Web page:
Sweet Smell of Success is Actually Lily of the Valley
by Mad Dog
Once they figured
out that sperm not only had tails but also rudimentary noses, the
scientists set out to discover what smells sperm might like.
||Human sperm are funny
things. See, you’re laughing already. Well, you are if you’re
younger than twelve years old or a guy, anyway. Sperm are those teeny
tiny tadpole-like cells which somehow manage to swim upstream against
all odds, desperately hoping to find an egg to invade. Kind of like a
single-minded mongoose that just happens to be able to get you pregnant.
Not to imply that male mongooses have fertility problems. Far be it for
me to say something like that about any creature that has sharp teeth
which are at crotch height when they sit up. But back to sperm. Yes,
they really are funny things. They’re highly motivated, singular and
plural at the same time, and love the smell of lily of the valley. Then
again, who doesn’t?
The idea that sperm might be
attracted to certain smells has been around since, oh, a couple of weeks
ago when some researchers published a paper in the journal Science
(motto: “Caution: May cause drowsiness”). It started when they
discovered that there are receptors in a sperm’s membranes which are
very similar to the sensory nerves of the nose. [Insert
pre-adolescent joke here.] I think I speak for most of us when I say
I don’t want to know what led them down that path of thinking, though
I suspect it started after they squandered their previous grant money
trying to discover if dandruff has taste buds.
Once they figured out that sperm not
only had tails but also rudimentary noses, the scientists set out to
discover what smells sperm might like. No, they didn’t perform the
experiments the way you’re thinking they did, so get that smirk off
your face. They put the sperm in thin glass tubes and noticed that when
they liked a smell—the sperm, not the researchers—their little tails
started beating faster, propelling them towards the source. Scientists
are such teases.
If it had turned
out that sperm were attracted to the smell of Budweiser, car exhaust, or
their own armpits, no one would think twice about it.
It turns out the sperm were attracted by three scents and
repelled by one. The three they liked were baking bread, roasting
chicken, and magic markers. Oddly, these are also the three most popular
flavors of Jelly Belly. Just kidding. Actually the most popular flavors
of Jelly Belly are Buttered Popcorn, Very Cherry, and Five-Day Old Tuna
Casserole. Sperm, on the other hand, are attracted to synthetic
compounds that perfume makers use to imitate the scent of lily of the
It’s true. Sperm, like men,
aren’t concerned with reality, just perception. The surprising thing
isn’t so much that the sperm were attracted to artificiality—after
all, they’re manufactured by males who as a gender think silicone,
Wonderbras, and Miss Clairol Sunny Blonde should have received Nobel
Prizes—but rather that they have decidedly feminine taste in smells.
If it had turned out that sperm were attracted to the smell of
Budweiser, car exhaust, or their own armpits, no one would think twice
about it. But this is like finding out that Adam Sandler is going to be
the next James Bond. Some things just should not be allowed to exist in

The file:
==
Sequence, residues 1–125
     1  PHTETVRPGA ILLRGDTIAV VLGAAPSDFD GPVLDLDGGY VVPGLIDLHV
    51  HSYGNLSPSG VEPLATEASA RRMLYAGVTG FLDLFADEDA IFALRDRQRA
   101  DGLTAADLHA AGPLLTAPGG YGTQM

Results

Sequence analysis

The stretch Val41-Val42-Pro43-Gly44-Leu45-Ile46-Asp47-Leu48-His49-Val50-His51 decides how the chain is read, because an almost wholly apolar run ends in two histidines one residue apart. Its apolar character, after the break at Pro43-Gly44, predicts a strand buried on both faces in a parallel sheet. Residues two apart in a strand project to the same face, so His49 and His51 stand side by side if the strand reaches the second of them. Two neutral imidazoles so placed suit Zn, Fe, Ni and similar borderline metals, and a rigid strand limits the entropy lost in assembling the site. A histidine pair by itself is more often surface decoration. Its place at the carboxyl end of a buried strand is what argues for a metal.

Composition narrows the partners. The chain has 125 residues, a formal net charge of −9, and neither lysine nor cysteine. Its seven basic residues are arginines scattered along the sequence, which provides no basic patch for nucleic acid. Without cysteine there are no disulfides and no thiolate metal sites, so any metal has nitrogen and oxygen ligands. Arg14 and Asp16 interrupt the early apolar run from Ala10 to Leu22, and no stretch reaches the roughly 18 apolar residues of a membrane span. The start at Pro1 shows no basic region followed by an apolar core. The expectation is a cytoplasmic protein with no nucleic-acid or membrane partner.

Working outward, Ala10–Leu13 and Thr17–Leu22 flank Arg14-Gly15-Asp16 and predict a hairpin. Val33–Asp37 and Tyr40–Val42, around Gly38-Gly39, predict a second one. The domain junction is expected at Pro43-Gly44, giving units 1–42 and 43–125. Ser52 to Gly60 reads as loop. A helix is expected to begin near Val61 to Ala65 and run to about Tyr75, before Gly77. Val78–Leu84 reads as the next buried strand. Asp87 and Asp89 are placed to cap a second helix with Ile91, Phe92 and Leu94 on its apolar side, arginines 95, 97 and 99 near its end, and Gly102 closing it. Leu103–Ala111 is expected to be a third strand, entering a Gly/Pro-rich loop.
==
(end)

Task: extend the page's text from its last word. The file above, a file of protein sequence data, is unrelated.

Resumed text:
The scientists haven’t figured out
what it is about a woman’s egg that attracts male sperm but hope it
doesn’t turn out that they manufacture artificial lily of the valley
chemicals. They have figured out, however, that this discovery might
lead to a way to boost fertility. As it is you can already buy a host of
sperm alluring lily of the valley-scented items including bath gel, body
lotion, soap, and powder, so it’s only a matter of time before you see
Summer’s Eve Lily of the Valley (“Now with Sperm Attractants!”) on
your grocer’s shelf. They also say this discovery could lead to a new
form of contraception. After all, if undecanal, the compound that caused
the sperm to hold their noses and swim away as fast as they could repels
them, it would be the perfect ingredient for a new line of spray
contraceptives such as N’oh Baby!, Sperm-B-Gone, and Deep Woodie Off.
It’s sad to think of all those sperm which may not be
around to enjoy the alluring smell of artificial lily of the valley just
because parents are too lazy to do laundry.
These products might not even be necessary if we continue using
disposable diapers. It’s true. According to a study in the Archives
of Diseases in Childhood (motto: “Take two aspirin and subscribe
in the morning.”) male fertility has decreased over the past 25 years
and they blame disposable diapers. It seems the plastic-lined diapers
hold in more than just what they’re intended to hold in—they also
retain heat. This increases the temperature of the testicles—boy model
only, of course—which in turn affects their development, resulting in
a reduced number of healthy sperm later in life. It’s sad to think of
all those sperm which may not be around to enjoy the alluring smell of
artificial lily of the valley just because parents are too lazy to do
One thing the scientists haven’t
looked into is what smells eggs like. After all, it takes two to
tango—if you know what I mean, *wink*wink*—and all the artificial
lily of the valley smell in the world won’t do much good if the sperm
shows up smelling like used motor oil, yesterday’s sweat socks, or Old
Spice Tangy Corn Nuts scent. Is it me, or do I smell a big pile of grant
money looking for a mate?
©2003 Mad Dog
Productions, Inc. All Rights Reserved.
These columns appear in better newspapers across the country.
Read them whenever you smell lily of the valley.